Legal Mistake #3: How to Keep From Entering into Bad Contracts
Everyone in business deals in contracts, whether they are written or oral. As your business becomes more sophisticated, it becomes increasingly important that you get more of your contracts in writing. While a handshake may seem like a fine way to do business, a more sound way of thinking is “Good Fences Make Good Neighbors.” Written contracts are the good fences you need to run your business effectively.
Do be fair to yourself in customer and vendor contracts
On one hand, your in-house contracts that you use with customers or vendors need to be fair. On the other hand, they should provide you with protection. For instance, on payment terms, omitting to provide for interest on late payments can prevent you from collecting it while just adding a reference to it makes it a part of the contract.
Do protect yourself in goods and services contracts
When providing goods and services, it is common to add on interest provisions. If the deal goes bad and you do not have provisions in your contract, you’re likely to be stuck with minimal interest.
If you’re a business owner, then you’re probably busy running your business. You’re not thinking about the legal details required to keep your limited liability status. Recently, a client came to us and had been stiffed on a nearly $20,000 job. His contract did not provide for interest. We got a judgement for him, but because there was no interest provision, the judge awarded interest at a rate much lower than the customary 18% on commercial deals.
Do protect yourself from the negligent or wrongful acts of your vendors/contractors
Similarly, putting indemnification, exculpatory, or hold harmless clauses can protect you from expenses caused by the negligent or wrongful acts of your vendors or contractors. If, for instance, a contractor injures another person while working on your job, you will likely get named in the suit. If, however, your agreement with the contractor contains provisions requiring them to not only defend you, but also to pay for any damages, it is very possible that they will have to pay for your attorney’s fees and any judgment obtained by the third party. There are many exceptions to this rule, but it is worthwhile to make the effort to protect yourself in this way.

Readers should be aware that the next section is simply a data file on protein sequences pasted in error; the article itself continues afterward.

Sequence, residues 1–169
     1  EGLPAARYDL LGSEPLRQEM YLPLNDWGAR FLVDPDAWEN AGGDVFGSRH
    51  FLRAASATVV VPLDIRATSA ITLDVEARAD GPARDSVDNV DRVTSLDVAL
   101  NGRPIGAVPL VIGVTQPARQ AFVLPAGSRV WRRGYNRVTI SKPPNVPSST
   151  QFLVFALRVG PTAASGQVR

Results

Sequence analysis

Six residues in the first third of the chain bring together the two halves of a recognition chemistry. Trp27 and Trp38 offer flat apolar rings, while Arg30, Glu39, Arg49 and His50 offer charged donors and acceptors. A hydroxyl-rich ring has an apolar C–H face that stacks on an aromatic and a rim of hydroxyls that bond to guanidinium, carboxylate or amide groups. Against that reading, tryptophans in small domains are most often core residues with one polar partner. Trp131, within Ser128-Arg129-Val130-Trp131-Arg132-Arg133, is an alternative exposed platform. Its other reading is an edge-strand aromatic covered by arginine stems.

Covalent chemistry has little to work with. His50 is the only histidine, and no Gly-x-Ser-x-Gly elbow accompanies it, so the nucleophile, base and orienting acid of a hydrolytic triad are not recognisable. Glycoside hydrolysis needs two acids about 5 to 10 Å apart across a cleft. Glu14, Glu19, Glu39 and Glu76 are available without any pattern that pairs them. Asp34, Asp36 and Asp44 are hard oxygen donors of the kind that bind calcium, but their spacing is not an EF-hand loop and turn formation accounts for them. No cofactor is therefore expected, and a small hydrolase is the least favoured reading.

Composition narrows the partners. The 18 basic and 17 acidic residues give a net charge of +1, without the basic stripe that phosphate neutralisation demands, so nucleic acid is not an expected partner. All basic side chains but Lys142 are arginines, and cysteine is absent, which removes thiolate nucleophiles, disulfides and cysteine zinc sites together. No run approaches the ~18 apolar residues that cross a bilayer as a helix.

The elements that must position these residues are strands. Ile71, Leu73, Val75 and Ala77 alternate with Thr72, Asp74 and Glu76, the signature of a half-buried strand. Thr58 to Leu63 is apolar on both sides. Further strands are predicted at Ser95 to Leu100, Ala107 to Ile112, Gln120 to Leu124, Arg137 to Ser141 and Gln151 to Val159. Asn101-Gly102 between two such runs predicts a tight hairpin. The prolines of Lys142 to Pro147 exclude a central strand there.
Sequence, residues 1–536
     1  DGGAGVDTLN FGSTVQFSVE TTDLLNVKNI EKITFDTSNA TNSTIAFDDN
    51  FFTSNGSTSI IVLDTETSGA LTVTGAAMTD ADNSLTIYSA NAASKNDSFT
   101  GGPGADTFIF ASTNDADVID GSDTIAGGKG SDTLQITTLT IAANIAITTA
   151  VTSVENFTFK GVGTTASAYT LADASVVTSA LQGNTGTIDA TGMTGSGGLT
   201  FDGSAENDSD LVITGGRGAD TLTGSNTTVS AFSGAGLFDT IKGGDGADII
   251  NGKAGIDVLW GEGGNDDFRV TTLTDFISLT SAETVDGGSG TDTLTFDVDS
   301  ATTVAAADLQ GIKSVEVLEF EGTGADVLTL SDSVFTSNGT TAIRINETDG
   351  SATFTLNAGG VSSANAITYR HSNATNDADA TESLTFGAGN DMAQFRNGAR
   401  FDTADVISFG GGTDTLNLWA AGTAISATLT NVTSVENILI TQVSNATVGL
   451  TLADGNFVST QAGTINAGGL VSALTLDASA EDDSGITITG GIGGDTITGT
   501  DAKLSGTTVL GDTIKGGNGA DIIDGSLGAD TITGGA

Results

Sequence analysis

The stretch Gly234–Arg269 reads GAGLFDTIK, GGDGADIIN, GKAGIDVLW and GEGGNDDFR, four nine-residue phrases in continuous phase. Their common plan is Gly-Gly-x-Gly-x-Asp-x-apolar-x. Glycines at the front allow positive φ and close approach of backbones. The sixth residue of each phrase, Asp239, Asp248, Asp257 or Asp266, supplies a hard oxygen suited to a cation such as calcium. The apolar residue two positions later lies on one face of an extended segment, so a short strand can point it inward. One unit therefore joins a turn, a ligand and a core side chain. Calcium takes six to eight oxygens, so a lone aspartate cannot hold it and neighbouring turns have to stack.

Do be fair to yourself when signing contracts with other businesses
Making sure the outside contracts you sign are fair is also of critical importance. Frequently, other businesses stack the deck in their contract and some even go as far as refusing to negotiate. The former requires a close eye and an understanding of the law. Many companies sign contracts without damage limitations that are readily negotiable. For instance, if you sign a contract without a consequential damages litigation, you can be liable for the other party’s lost profits, lost opportunities, and many other factors. These sort of damages are commonly negotiated out of contracts, but in many instances, this clause is overlooked and you lose valuable ground to defend yourself.
Another type of contract that trips up many business leaders is the evergreen contract. These are contracts with automatic renewal clauses. Some states have statutes that limit the enforceability of these, but it remains a very good idea to catalog and calendar these. Many times, companies have come to us who want out of a contract but since they did not cancel it in time, they had to fulfill another term.
The content on this page has been reviewed and approved by Matthew Davis: CEO of Davis Business Law.